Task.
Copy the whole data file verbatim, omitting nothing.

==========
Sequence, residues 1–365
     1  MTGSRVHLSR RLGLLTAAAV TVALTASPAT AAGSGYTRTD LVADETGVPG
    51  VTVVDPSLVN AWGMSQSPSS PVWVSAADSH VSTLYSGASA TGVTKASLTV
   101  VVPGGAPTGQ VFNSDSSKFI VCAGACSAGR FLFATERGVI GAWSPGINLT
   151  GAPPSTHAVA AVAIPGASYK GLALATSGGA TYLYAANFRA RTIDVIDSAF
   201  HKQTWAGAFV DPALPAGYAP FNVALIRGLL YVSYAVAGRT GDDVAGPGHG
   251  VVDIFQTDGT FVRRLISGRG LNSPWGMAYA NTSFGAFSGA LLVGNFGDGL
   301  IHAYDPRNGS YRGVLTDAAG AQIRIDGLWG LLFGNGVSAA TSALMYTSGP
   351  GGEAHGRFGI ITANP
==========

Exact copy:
Sequence, residues 1–365
     1  MTGSRVHLSR RLGLLTAAAV TVALTASPAT AAGSGYTRTD LVADETGVPG
    51  VTVVDPSLVN AWGMSQSPSS PVWVSAADSH VSTLYSGASA TGVTKASLTV
   101  VVPGGAPTGQ VFNSDSSKFI VCAGACSAGR FLFATERGVI GAWSPGINLT
   151  GAPPSTHAVA AVAIPGASYK GLALATSGGA TYLYAANFRA RTIDVIDSAF
   201  HKQTWAGAFV DPALPAGYAP FNVALIRGLL YVSYAVAGRT GDDVAGPGHG
   251  VVDIFQTDGT FVRRLISGRG LNSPWGMAYA NTSFGAFSGA LLVGNFGDGL
   301  IHAYDPRNGS YRGVLTDAAG AQIRIDGLWG LLFGNGVSAA TSALMYTSGP
   351  GGEAHGRFGI ITANP